Food assistance needs increase in Haywood, WNC

By Shelby Harrell Staff Writer | Aug 27, 2014
Photo by: File photo A box of food is pictured in the food pantry at the Haywood Christian Ministry. A majority of the food comes from the MANNA Food Bank in Asheville.

Findings from a recent Hunger in America study shows that an estimated 107,600 people in Western North Carolina turn to food pantries and meal service programs to feed themselves and their families.

This number is a slight increase over the last WNC Hunger in America study conducted in 2010, which estimated 106,600 people seeking food assistance.

The study also reflects what’s been going in Haywood County for the past few years, as the number of families needing food assistance from local food banks, such as Haywood Christian Ministry, has steadily increased.

Lisa James, executive director for Haywood Christian Ministry, reports giving 1,882 local families food boxes as of July. The boxes contain donated food items that come from the MANNA Food Bank branch in Asheville and other local organizations.

“We get a lot of our food from MANNA food bank,” James said referring to the food boxes that are distributed twice a month. “That’s the only agency we partner with, but we also get a lot of food from local churches and places that do food drives like Cataloochee and the Mail Carriers Association.”

James said the number of families needing the food boxes has steadily grown since January, which is a significant increase of families in need since last year.

“Every year we’ve increased our number of clients,” James said “We helped 5,800 (families) in 2013, and that was up 300 families from the year before.”

“I think part of the reason is our economy in this area hasn’t improved,” James added. “And as cost of food gas other life-sustaining things continue increase, people’s budgets get stretched and stretched, and they keep needing our resources.”

To find out how to donate to Haywood Christian Ministry, call 828-456-4838.

Study findings

The Hunger in America 2014 local findings show that an estimated 13,000 people are served each week by the over 200 partner agencies that are part of the MANNA network. In MANNA’s most recent fiscal year, it distributed over 14 million pounds of food, an increase of 22 percent over last year.

Nationally, Hunger in America 2014 found that more than 46 million people turn to agencies and programs of the Feeding America network of food banks every year.

“The Hunger in America 2014 findings demonstrate the urgent need for all of us to address hunger in our communities,” said Bob Aiken, CEO of Feeding America. “This data provides a factual basis for decisions about how we as a nation approach hunger relief and protect our most vulnerable citizens.”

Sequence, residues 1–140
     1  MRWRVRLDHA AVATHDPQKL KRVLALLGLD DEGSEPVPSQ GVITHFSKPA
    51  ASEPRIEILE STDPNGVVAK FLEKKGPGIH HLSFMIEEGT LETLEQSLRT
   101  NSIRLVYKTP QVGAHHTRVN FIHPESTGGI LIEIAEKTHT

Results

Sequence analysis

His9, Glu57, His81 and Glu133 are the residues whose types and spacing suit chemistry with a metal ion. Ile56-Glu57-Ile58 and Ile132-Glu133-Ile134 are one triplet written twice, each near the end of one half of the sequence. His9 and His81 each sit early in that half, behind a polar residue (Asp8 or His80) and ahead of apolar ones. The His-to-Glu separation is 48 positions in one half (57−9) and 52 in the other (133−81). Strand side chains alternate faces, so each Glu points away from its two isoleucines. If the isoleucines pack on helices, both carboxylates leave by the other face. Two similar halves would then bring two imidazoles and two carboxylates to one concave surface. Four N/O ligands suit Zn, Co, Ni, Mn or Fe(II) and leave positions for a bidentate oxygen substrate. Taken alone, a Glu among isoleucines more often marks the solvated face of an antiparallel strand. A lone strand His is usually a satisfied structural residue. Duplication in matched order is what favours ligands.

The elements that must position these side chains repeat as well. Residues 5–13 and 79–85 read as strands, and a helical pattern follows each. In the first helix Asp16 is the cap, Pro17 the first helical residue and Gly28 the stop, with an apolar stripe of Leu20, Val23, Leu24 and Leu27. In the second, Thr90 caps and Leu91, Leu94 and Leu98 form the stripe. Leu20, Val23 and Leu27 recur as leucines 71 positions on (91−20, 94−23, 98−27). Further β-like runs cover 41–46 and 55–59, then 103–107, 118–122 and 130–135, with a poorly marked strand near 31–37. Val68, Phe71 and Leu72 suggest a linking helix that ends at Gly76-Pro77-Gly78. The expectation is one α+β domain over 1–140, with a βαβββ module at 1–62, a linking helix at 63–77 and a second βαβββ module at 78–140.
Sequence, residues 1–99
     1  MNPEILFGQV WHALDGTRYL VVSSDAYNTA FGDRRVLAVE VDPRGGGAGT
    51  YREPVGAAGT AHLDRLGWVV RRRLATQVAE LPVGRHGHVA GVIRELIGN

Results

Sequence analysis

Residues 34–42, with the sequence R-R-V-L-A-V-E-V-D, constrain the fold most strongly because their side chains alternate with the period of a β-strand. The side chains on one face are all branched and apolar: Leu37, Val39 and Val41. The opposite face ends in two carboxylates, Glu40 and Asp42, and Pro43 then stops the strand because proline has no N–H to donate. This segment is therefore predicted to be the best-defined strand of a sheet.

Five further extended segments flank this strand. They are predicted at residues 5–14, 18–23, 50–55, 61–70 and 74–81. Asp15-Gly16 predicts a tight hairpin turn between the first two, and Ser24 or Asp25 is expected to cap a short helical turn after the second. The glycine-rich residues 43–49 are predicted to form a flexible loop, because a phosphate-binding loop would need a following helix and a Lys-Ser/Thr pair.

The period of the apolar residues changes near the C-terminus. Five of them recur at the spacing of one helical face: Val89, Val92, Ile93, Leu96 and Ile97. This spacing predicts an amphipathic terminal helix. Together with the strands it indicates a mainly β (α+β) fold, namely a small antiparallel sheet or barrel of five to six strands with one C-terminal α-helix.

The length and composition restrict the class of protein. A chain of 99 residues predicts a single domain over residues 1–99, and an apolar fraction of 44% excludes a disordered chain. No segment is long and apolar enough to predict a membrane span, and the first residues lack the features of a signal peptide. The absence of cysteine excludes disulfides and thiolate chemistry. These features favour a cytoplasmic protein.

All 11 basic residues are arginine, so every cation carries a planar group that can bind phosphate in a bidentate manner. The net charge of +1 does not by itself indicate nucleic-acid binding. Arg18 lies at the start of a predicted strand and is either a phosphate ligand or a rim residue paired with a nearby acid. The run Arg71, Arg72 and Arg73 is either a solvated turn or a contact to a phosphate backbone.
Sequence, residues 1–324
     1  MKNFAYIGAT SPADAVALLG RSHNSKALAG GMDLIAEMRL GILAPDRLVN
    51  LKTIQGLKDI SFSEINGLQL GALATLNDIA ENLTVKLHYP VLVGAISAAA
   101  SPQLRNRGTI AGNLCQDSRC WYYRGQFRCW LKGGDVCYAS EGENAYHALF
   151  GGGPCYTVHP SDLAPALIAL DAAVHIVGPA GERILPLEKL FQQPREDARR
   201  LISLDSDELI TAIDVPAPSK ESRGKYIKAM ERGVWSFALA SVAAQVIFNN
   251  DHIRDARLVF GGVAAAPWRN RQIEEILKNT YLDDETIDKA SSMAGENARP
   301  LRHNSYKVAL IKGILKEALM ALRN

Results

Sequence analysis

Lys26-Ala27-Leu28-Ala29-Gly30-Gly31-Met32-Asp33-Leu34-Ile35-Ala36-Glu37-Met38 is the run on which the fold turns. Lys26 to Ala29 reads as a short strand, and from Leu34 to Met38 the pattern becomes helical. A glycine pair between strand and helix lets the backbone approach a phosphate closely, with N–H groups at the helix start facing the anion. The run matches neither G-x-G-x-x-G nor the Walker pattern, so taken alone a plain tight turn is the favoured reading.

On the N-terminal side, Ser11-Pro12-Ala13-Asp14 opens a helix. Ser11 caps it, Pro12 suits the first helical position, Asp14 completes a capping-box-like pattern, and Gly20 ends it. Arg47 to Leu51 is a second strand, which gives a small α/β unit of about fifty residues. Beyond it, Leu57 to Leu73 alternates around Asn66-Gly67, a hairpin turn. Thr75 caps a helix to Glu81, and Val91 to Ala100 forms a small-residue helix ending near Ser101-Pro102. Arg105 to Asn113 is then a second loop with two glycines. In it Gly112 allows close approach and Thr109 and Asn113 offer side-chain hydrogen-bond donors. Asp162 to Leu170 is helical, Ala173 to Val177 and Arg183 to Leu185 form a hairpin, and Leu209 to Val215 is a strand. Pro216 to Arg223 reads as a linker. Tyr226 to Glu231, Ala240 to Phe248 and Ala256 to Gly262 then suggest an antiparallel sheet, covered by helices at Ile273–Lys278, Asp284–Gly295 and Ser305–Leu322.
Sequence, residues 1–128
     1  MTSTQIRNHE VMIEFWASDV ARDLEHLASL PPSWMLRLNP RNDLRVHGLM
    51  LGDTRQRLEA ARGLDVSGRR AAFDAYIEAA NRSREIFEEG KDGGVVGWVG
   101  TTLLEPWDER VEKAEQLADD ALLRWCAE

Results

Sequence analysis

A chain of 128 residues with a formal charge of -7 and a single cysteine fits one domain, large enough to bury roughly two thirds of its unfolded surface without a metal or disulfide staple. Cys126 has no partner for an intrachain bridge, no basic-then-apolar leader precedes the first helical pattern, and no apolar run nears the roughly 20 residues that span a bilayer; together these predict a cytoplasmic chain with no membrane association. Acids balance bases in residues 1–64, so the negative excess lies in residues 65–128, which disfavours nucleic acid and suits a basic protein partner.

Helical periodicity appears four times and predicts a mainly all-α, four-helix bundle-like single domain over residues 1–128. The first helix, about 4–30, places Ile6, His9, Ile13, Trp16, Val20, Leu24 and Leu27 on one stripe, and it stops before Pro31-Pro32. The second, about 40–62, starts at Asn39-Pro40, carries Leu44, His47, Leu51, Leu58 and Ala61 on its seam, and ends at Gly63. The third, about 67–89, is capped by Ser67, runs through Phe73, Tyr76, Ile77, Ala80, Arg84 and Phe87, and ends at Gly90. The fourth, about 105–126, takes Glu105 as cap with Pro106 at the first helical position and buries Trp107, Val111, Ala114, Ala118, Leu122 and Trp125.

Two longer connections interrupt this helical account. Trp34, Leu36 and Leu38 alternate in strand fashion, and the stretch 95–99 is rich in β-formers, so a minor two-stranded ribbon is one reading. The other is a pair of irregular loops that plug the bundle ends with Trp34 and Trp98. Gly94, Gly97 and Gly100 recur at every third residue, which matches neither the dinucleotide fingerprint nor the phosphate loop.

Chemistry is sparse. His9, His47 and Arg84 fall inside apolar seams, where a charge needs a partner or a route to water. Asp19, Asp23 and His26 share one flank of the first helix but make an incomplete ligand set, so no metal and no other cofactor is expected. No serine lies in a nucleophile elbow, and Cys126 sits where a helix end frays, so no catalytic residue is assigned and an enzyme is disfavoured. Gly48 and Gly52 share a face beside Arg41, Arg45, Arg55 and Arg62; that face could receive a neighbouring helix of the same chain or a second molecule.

MANNA FoodBank has been a member of the Feeding America network since 1993.

“These statistics support what we hear from our partner agencies regarding increased demand, but just as importantly, this study helps us understand the everyday struggles of the people we serve,” said Cindy Threlkeld, MANNA executive director. “Sixty percent of the households that seek food assistance in Western North Carolina are surviving on less than $1,000 a month. This fact alone necessitates constant trade-offs: food or medicine, food or a warm home, food or transportation. The physical and psychological stress on our clients is heart-breaking.”

Spending trade-offs for people seeking food assistance were very common. Three out four households chose between paying for food and paying for utilities at least once in the past year. Over half of households had to choose between paying for food and paying for housing.

Unfortunately, the number one coping strategy for a lean food budget was buying cheapest food available regardless of the health content, as cited by nearly nine out of 10 households. MANNA is doing what it can to combat that hard reality; in the last year, MANNA distributed 3.3 million pounds of fruits and vegetables.

A summary of the findings is available at MANNAFoodBank.org

Food insecurities at school

Food insecurities are also detectable in school cafeterias, where many children in Haywood receive their major source of food.

In fact, according to a recent Map the Meal Gap Study, 34 percent or 3,580 children in Haywood County are considered food insecure, meaning they children live in households facing difficulty meeting basic food needs. Over 70 percent of the children attending school in Haywood County are on free or reduced lunch.

As a way to combat this problem, the Waynesville Rotary Club began Haywood’s Hungry Kids.

This program, which developed out of a pilot program in Haywood County Schools, partnered with MANNA Food Bank to give children a backpack filled with food to take home each Friday so they would have some nutrition over the weekend.

Currently Haywood’s Hungry Kids through the Waynesville Rotary Club Foundation is in need of donations that will ensure the children participating in the program last year will receive food bags each week through mid-fall.

A $128 donation will support one child for the entire school year in the MANNA Food Packs Program, but all donations of any amount are accepted and appreciated. All donations to Help Haywood’s Hungry Kids are tax-deductible and benefit the children of Haywood County directly. Checks can be made out to the Waynesville Rotary Foundation, P.O. Box 988, Waynesville, NC 28786.

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